Guest Post

Time for another paradigm shift in policing

Another incident of police use of deadly force has grabbed national (and international) attention. It happened just outside Saint Louis, the city where my family and I live. To say it’s been a bad week for Ferguson, Missouri, residents is an understatement. Michael Brown is dead, a young man gone before he could start college and begin life as an adult. The life of Darren Wilson, identified this morning as the officer who shot Brown, has been forever changed, too. This happened within several seconds' time and a span that began at point blank and grew to 30-some feet.

Usually the Saint Louis area's air is saturated with heat and humidity. This week it's tension, fear, indignation, and a host of other intense emotions—as well as prayerful concern and some graceful acts of kindness. Trust among fellow citizens and in our police has been incinerated like that convenience store on the first night of civil unrest—although hope began to get a firmer footing yesterday when Missouri highway patrol Captain Ronald S. Johnson, appointed by Governor Jay Nixon to take charge of policing in Ferguson, signaled a change in approach.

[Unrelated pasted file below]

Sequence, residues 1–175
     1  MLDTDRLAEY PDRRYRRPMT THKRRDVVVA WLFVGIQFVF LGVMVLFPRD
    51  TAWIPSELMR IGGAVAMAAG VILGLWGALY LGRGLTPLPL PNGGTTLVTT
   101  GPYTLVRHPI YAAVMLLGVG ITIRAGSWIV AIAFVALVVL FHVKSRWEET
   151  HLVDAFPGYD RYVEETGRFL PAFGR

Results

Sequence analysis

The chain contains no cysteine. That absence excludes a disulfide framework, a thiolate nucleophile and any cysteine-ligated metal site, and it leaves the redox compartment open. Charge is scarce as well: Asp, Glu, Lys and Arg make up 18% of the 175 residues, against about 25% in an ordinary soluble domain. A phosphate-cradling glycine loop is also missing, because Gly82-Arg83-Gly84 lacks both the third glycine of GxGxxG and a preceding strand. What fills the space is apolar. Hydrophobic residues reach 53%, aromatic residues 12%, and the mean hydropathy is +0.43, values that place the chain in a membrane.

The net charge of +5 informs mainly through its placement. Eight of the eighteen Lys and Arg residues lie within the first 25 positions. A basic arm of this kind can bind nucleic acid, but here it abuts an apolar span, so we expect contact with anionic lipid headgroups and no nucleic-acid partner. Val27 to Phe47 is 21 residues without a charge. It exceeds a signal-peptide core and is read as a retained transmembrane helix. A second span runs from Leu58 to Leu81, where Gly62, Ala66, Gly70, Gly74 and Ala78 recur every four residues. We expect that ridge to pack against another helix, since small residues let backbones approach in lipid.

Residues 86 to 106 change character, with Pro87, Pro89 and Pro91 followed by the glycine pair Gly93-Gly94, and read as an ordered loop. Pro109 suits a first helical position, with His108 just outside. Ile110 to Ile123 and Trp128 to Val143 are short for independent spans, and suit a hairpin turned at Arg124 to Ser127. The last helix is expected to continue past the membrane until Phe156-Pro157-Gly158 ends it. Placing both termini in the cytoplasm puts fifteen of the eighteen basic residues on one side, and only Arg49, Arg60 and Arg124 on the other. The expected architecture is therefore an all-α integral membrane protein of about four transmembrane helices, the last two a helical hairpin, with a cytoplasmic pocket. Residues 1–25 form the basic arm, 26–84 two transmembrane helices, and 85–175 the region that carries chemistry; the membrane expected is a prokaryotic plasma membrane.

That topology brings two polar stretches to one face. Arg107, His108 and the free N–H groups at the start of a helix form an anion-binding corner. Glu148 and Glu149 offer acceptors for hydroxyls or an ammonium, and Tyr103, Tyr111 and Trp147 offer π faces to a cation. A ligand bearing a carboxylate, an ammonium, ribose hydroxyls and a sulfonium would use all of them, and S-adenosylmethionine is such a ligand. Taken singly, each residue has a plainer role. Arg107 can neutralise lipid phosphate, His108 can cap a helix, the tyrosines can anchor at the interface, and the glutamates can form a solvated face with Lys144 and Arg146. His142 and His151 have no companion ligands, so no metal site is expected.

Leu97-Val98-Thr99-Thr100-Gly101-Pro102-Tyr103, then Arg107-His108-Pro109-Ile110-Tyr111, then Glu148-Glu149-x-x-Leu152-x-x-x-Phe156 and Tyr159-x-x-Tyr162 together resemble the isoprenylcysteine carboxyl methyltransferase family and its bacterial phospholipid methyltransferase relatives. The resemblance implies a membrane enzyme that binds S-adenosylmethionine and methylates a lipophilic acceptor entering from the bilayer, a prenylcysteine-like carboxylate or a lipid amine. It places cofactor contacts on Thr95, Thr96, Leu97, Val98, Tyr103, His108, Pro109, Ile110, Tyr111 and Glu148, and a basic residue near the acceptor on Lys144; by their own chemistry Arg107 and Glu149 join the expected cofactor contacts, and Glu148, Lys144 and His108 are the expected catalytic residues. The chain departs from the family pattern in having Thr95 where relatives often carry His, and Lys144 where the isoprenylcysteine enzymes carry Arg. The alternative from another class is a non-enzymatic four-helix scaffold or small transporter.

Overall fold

I'm a former corrections and reserve police officer and now a theological ethicist. I have written about policing and the use of force; I have even taught an ethics course for the Saint Louis County and Municipal Police Academy. I cannot not write about what has happened here... Read the rest of the Century's online feature

Tobias Winright

Tobias Winright teaches theological ethics at Saint Louis University. He edited and contributed to Green Discipleship: Catholic Theological Ethics and the Environment (Anselm Academics).

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